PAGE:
Cartellate are a typical Christmas and party dessert of Apulian cuisine. They are prepared with a very simple base of flour, sugar, extra-virgin olive oil, and white wine, then fried and immersed in a special syrup such as vincotto, which can be made out of figs or grapes depending on the area.
The history of cartellate and the origin of their name
In the Christian tradition, cartellate represent the halo or the bands that wrapped the child Jesus in the manger, but also the crown of thorns at the time of the Crucifixion. Similar sweets are also produced in Calabria, where they are called nèvole or crispelle, and in Basilicata, where they are called roses or crispedde.
A very similar dessert called lanxsatura was first depicted in a sixth-century BC rock painting near Bari. The filled dish was offered to the gods according to the cult of Ceres, probably of Greek origin, and associated with offerings made to Demeter, goddess of the earth, during the Eleusinian mysteries.
At the dawn of Christianity, these ritual pancakes were transformed into gifts to the Madonna, cooked to invoke her intervention for the success of the crops.
The preparation of this dessert is not very simple, but we guarantee that the final result will be sensational. Here is our recipe for the delicious cartellate al vincotto.
Cartellate al vincotto
A deep-fried italian dessert with a special syrup from apulia. It’s a Christmas dessert that every family views as a must-have dessert for special occasions.
100millilitersdry white wineaniseed liqueur, or orange liqueur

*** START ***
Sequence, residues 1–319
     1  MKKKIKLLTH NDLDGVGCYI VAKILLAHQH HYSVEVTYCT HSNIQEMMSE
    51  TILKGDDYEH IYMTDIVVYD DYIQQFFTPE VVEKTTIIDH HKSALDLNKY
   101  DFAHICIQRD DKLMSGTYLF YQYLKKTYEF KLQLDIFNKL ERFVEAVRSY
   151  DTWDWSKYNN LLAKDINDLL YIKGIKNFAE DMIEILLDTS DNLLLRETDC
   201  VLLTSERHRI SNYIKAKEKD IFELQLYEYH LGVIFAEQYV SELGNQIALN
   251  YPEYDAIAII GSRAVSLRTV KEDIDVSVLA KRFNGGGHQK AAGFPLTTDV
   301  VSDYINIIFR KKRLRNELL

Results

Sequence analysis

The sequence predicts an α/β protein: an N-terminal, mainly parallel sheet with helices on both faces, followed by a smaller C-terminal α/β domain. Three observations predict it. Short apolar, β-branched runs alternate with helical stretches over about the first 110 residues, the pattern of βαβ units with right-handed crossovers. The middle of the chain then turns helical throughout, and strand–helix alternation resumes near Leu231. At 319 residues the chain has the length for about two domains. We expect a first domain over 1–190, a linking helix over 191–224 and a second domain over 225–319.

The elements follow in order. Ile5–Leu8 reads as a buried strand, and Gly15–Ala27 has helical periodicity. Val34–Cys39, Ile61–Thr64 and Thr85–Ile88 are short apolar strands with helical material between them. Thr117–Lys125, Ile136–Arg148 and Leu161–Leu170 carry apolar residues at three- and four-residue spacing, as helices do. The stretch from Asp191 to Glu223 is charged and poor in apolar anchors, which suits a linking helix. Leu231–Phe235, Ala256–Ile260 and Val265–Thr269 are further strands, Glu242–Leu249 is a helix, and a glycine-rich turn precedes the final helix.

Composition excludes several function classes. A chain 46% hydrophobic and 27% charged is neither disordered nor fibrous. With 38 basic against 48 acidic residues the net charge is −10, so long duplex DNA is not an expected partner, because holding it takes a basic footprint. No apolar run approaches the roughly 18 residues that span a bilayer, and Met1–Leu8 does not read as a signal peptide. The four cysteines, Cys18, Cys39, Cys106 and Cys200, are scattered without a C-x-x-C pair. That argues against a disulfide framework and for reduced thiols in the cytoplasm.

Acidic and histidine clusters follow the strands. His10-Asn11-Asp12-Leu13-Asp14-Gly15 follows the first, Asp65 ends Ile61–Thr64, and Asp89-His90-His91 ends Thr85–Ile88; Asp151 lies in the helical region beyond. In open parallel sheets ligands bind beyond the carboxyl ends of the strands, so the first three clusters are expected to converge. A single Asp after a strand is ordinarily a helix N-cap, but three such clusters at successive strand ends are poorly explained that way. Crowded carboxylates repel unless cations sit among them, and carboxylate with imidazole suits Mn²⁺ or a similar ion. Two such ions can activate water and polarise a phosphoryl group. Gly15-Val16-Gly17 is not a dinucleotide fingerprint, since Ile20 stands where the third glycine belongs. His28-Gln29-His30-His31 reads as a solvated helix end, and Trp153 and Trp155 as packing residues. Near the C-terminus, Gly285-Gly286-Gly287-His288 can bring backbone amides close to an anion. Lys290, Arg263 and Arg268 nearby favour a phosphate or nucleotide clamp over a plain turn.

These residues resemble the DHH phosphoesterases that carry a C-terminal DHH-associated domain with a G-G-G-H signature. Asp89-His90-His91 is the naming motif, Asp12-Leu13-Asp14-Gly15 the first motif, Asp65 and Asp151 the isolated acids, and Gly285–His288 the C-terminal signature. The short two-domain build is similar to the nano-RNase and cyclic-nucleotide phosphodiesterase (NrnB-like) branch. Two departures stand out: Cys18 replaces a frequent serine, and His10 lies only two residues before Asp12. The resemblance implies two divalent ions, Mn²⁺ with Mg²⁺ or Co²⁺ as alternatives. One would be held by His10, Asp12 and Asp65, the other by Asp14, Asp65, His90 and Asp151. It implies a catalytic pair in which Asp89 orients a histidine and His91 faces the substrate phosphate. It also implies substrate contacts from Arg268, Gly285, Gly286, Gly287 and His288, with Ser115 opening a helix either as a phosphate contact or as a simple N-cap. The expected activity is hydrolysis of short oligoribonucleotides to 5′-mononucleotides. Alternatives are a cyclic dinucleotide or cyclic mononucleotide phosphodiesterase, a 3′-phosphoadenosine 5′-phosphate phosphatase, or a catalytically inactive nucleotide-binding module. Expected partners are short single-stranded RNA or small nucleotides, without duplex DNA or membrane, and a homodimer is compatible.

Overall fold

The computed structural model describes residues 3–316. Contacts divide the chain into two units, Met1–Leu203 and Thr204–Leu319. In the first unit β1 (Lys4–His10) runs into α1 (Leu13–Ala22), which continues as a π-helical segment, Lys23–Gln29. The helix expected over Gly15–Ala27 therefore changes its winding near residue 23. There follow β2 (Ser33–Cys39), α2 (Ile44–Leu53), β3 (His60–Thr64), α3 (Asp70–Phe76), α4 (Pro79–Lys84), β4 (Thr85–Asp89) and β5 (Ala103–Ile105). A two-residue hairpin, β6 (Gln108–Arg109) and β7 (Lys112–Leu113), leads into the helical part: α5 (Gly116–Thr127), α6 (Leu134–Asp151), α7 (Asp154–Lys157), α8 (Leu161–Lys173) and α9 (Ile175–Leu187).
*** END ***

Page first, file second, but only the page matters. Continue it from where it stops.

extra-virgin olive oil for frying
vincotto of figsor honey
In a saucepan, heat the oil and orange peel over low heat. Do not let it fry. Remove the orange peels after a few minutes.
Place the flour on a flat surface, pile the flour into a mound. Make a well in the center of the mound and slowly add the lukewarm oil. Mix.
Form a nice uniform and homogeneous ball by carefully working the flour and oil together.
Separately, dissolve the baking powder in the wine in a bowl. Slowly incorporate the wine into the flour, then add the sugar and finally the salt. Work everything well in order to obtain a smooth, homogeneous dough.
Wrap the dough in plastic wrap and let it rest for 30 minutes.
After resting, divide the dough in half and begin flattening the dough into thin layers.
Roll out the dough until it is very thin with the help of a pasta machine, starting with the thickest setting. Roll out the dough several times. Change the thickness by gradually bringing the wheel of the machine to the penultimate notch.
Use a serrated wheel to cut strips of about 25 cm by 4 cm. Then fold each strip lengthwise and form small pockets by pinching the dough together at regular intervals.
Roll each strip into a rosette, pinching the edges to help it hold together.
Let the cartellate rest on parchment paper overnight, or at least 5 hours.
Heat olive oil in a deep pan until it sizzles.
Place the cartellate in the pan and fry them until slightly golden.
While you are frying, heat some honey or your vincotto in a double boiler.
When you have fried the cartellate, pat them on paper towels to blot excess oil.
Dip the cartellate in the hot honey or vincotto on both sides, so as to cover the cartellate well.